Since 2002 the United States has maintained a military detention facility at Guantánamo Bay, Cuba. Detainees from around the world are brought there as "enemy combatants." Some have been released. Detainees have the right, per ruling of the US Supreme Court, to challenge their detentions in federal court.
President Obama pledged during his 2008 campaign to close Guantánamo, but that has not happened yet. Where to send detainees who will not be tried but whom the government says cannot be released remains an obstacle. Where and how to prosecute the suspected enemy combatants is another. Congress will not allow Guantánamo detainees to be transferred and held in the US, unless they are awaiting trial.
Former President Mujica, an ex-guerrilla who was once tortured in jail, agreed to take the prisoners earlier this year. He said he was doing it 'for humanity.'
The Taliban released a propaganda clip of the handover of Sgt. Bowe Bergdahl. Some hope the exchange can create an opening for peace.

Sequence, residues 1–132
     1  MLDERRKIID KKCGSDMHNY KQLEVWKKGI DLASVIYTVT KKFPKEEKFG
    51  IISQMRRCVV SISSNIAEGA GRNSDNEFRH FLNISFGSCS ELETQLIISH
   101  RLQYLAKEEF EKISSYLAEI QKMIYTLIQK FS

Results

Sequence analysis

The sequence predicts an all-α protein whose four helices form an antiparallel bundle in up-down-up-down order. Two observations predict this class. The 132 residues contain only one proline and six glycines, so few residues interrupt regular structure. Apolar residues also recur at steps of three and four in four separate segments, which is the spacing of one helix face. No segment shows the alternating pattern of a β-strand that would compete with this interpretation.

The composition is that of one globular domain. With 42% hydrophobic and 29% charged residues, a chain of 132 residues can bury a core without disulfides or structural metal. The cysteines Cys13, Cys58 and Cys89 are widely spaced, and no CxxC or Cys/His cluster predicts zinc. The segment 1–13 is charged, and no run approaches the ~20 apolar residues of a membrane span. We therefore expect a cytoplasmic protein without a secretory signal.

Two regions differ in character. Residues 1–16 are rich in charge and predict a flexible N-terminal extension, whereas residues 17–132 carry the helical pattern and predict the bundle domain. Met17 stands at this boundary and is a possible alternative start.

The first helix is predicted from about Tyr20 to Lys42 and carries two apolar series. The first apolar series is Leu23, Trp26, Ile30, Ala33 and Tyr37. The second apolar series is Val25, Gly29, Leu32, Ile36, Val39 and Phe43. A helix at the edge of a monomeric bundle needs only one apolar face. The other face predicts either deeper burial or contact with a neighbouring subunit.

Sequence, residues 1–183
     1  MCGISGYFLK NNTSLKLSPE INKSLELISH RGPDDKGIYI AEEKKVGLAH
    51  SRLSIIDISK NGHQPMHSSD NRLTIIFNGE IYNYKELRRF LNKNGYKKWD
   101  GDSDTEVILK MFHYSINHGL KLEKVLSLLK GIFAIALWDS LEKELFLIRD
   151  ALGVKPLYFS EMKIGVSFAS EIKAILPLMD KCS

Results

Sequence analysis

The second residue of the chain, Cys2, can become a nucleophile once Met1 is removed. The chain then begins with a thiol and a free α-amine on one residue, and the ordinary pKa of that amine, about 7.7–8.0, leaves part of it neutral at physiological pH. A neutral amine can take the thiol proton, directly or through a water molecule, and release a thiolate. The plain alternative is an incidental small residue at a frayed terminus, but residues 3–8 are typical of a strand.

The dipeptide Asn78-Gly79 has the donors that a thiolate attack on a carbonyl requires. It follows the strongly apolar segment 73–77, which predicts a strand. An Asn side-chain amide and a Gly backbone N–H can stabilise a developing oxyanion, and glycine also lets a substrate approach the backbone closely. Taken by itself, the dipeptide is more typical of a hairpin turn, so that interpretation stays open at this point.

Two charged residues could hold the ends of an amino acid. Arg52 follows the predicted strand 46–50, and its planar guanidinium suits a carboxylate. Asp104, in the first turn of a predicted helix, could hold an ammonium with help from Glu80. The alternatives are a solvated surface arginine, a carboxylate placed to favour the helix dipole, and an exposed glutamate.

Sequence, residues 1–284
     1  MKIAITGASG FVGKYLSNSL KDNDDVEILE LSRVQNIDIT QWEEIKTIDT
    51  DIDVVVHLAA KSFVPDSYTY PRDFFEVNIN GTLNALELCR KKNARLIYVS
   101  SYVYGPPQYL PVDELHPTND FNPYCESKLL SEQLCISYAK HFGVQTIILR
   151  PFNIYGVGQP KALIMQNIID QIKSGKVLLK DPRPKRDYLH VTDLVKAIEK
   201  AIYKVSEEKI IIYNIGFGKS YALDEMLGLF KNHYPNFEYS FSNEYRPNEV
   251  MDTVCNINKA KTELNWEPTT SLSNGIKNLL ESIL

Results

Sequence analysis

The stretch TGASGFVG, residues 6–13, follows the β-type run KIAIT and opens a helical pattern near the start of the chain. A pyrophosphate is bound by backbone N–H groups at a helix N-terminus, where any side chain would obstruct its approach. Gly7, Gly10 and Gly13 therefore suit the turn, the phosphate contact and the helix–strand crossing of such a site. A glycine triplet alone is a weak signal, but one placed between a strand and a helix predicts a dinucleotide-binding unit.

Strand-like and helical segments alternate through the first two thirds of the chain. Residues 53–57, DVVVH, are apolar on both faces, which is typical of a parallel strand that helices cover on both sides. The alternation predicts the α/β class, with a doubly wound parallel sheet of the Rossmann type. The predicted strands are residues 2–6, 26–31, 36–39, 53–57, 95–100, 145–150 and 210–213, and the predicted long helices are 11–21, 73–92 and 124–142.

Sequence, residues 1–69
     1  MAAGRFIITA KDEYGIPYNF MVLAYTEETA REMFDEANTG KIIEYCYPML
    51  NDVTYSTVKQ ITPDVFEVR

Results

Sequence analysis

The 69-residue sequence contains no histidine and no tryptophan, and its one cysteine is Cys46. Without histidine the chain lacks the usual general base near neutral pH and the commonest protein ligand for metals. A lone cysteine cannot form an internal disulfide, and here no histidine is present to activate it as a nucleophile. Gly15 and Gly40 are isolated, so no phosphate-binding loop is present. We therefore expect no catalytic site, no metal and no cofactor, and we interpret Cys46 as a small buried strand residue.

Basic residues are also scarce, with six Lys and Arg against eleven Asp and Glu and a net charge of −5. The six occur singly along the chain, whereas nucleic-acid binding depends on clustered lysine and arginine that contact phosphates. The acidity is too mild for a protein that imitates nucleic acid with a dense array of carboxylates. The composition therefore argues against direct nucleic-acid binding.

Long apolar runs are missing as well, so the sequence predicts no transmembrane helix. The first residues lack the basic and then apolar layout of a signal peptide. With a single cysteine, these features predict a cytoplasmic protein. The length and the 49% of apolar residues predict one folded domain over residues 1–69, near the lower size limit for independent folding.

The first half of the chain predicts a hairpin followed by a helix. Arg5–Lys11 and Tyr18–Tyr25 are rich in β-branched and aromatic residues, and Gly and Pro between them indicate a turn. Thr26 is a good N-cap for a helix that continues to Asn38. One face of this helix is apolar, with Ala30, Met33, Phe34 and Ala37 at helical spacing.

Guantánamo Bay continues to release a trickle of detainees – very few of whom return to the battlefield.
The first civilian trial of a Guantánamo detainee prompted questions about whether civilian court is the best place for alleged terrorists.
The Obama administration's announcement Sunday that 12 Guantánamo detainees would be sent to other countries followed news that some detainees would be transferred to an Illinois facility. The president set a Jan. 22, 2010 deadline for closing the Guantánamo Bay prison, but seems unlikely to meet it.
The new White House should use the president's credibility abroad, while he still has it, to focus attention on the underlying questions related to detention and terrorism prevention.
Much of the public perception of the detention camps is wrong.